by Sarah Zettel
Warner Books, 1998, ISBN 0-446-52322-4
A book review by Elisabeth Carey
The Dedelphi are an intelligent species with an interesting and I think fairly plausible biology: they are born female in multiple births (as many as six in a single birthing are possible), remain female through childhood and functional adulthood, and then experience the Change, becoming gentle, non-sapient males. All the offspring of a particular birthing are essentially identical, genetically, so that for an adult Dedelphi, a sister's offspring are as valuable genetically as her own. The Dedelphi have no words for close relationships except "mother", "sister", and "daughter".
The Dedelphi Great Families have been at war with each other for centuries. In the process, they've done a lot of ecological damage to their planet, and the latest disaster is a bioweapon that mutated and got out of control. This disaster has finally pushed the Dedelphi to try something new, peace and a Confederation. The Confederation contracts with Bioverse, Inc., to do biological remediation of their planet, including defeating the plague. Bioverse, in turn, offers citizenship and employment to two of the best-known Dedelphi experts in the Human Chain, Lynn Nussbaumer and her partner Dr. David Zelotes. Lynn and David have been working in a Dedelphi refugee colony on Mars, and have friends and contacts among one of the largest Great Families, the t'Theria. An old lover of Lynn's, xenologist Arron Hagopian, has been on Dedelph for ten years, and has more extensive friends and contacts among another Great Family, the Getesaph, the most bitter enemies of the t'Theria. No one confides entirely in anyone else , each for reasons that seem compelling to them, and the situation spirals out of control. These are well-developed characters, and interesting and complex cultures, with real conflicts and a genuine sense of history.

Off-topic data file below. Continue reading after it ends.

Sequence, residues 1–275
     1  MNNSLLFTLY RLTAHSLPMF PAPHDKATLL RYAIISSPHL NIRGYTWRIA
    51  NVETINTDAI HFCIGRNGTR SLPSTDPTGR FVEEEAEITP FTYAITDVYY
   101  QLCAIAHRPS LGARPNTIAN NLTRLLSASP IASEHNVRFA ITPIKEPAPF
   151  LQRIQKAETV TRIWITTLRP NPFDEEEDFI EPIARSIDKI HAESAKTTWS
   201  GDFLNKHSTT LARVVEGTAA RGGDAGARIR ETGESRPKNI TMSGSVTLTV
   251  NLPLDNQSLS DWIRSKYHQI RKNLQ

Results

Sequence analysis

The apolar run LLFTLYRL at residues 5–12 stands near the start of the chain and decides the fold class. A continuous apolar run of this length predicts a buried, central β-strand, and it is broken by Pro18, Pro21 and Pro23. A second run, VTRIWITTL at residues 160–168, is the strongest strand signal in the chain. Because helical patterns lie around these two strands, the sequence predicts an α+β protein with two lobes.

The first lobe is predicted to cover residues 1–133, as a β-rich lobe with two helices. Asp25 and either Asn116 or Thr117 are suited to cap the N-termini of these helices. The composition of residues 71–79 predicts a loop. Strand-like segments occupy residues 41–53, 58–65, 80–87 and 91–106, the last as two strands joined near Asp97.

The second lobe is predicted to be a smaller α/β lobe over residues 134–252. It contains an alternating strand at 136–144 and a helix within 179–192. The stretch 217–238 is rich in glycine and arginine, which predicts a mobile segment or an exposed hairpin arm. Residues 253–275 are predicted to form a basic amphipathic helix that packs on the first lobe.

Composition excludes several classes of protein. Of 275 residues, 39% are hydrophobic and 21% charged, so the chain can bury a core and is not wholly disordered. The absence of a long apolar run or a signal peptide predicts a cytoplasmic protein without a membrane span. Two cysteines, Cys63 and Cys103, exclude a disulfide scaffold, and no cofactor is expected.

I do have one quibble, though. The Web is a vital means of information exchange, which is okay, but some of the terminology just doesn\rquote t quite work for me. The logic of talking about putting out a thread to someone, or knotting something into the Web, or even "untieing a knot" rather than "reading a post", is not terrible when you think directly about it, but it felt like going over a bump in the road, every time I encountered it. Zettel has let the internal logic of the imagery override clear communication.